Astronomical events of April

April 12 became the World Day of Aviation and Cosmonautics after 57 years ago, in 1961, Senior Lieutenant Yu.A. Gagarin on the spacecraft “Vostok” was the first in the world to orbiting the Earth.

In addition, April 21 this year will be the International Day of Astronomy. This holiday has no exact date: it is celebrated on one of the spring Saturdays before the 1st quarter of the Moon, and also in the autumn before the phase of the 1st quarter of the Moon (October 13 in 2018).

Until April 18, the Sun moves along the constellation of Pisces, and then passes into the constellation of Aries. The duration of the day increases rapidly: from 13 hours 08 minutes to 15 hours 18 minutes at the latitude of Moscow. The higher to the north – the duration of the night is shorter. For example, at the latitude of Murmansk, the dark sky can only be observed at the beginning of April, and by the end of the month there will already be white nights.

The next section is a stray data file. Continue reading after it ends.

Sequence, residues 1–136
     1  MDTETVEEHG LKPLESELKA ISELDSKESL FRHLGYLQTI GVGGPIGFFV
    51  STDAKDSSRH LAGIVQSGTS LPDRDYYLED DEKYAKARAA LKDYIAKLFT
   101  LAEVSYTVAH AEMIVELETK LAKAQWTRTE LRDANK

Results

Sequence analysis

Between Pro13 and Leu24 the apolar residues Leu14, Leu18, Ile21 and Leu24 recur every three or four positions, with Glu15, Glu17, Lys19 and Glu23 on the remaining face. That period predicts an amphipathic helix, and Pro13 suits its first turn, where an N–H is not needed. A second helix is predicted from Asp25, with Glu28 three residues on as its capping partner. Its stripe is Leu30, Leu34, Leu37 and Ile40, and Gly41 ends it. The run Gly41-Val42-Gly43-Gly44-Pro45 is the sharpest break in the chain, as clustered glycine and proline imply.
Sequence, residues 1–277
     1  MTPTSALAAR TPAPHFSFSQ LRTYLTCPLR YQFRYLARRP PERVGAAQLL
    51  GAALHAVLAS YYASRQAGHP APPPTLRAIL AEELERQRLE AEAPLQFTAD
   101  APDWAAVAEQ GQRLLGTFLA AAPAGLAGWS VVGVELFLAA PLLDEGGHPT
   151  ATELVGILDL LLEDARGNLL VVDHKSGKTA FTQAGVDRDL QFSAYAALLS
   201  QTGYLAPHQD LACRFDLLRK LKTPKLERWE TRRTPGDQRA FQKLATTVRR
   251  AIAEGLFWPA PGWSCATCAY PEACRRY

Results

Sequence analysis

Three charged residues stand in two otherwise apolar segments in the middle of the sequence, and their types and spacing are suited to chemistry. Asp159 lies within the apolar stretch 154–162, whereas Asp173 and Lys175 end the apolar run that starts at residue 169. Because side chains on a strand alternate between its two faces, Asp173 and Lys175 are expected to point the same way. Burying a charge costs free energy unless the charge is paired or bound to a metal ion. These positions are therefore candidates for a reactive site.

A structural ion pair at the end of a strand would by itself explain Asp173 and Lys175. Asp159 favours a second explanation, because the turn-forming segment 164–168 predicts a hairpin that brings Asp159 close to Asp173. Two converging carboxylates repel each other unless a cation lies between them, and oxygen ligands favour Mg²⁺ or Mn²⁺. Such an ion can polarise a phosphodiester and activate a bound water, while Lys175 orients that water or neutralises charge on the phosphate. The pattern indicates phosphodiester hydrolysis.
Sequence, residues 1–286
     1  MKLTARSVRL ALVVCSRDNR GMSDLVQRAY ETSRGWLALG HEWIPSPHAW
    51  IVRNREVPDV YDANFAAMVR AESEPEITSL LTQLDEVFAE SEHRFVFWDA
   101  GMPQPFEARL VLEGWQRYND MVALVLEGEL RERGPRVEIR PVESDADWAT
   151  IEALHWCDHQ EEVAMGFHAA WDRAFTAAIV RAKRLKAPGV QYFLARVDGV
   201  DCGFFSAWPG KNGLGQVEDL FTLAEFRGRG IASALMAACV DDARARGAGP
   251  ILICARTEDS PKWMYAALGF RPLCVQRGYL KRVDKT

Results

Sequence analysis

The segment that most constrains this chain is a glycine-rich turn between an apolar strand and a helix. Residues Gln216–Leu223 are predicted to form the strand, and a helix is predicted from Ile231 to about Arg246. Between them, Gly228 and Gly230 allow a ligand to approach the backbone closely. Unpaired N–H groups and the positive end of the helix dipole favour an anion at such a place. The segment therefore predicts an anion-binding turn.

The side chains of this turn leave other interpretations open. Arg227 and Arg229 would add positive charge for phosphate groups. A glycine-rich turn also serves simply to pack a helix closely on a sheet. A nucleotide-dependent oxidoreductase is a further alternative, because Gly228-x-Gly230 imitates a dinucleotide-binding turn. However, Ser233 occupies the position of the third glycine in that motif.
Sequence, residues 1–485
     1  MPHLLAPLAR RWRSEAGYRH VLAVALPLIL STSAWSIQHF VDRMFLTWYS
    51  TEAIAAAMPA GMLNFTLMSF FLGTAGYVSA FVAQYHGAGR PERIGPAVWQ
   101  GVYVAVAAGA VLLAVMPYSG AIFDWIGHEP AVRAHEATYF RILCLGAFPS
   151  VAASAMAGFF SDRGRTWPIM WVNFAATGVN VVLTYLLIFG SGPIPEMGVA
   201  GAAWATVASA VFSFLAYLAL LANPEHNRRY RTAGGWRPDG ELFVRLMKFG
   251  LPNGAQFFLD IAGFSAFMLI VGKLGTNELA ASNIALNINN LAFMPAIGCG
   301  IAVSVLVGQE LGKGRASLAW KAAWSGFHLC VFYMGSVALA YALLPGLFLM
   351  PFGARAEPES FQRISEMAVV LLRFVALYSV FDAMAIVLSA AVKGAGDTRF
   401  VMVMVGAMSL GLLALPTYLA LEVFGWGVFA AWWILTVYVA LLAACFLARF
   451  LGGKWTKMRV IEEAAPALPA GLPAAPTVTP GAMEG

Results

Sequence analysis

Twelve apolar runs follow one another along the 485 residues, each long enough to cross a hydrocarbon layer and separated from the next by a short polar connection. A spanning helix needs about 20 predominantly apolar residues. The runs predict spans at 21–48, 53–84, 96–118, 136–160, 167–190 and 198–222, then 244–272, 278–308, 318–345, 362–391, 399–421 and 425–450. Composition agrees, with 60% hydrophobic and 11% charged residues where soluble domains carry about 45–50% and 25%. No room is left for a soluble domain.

The moon is drawn along an ellipse, so it approaches the Earth closely (perigee), then, on the contrary, it moves away from it (apogee). On April 7, the natural satellite of our planet will pass 3 ° north of Mars, and next day will be at apogee, at a distance of 404,144 km from the Earth. At the perigee, it will be on April 20, and the distance will be 368,712 km.

Every year from 16 to 25 April, the meteor shower of Lyrida reaches its peak. His radiant lies on the border of the constellations of Lira and Hercules, but closer to Lira, which gave him the name. Since the constellation of Lyra rises high above the horizon at about 5:00 Moscow time, observations are best spent in the second half of the night, in the morning.

People have been watching the Lyrids for more than 2500 years. According to the Moscow Planetarium, the first mention of them was made in Chinese. According to this source, on the night of March 16, 687 BC “the stars fell like rain.” The record was recorded on April 20, 1803: over the eastern coast of the USA, the number of falling stars reached 700 per hour. But since then, the Lyrids have been weakened: this spring we should expect average indicators, up to 18 meteors per hour. Their speed is 49 km / s.

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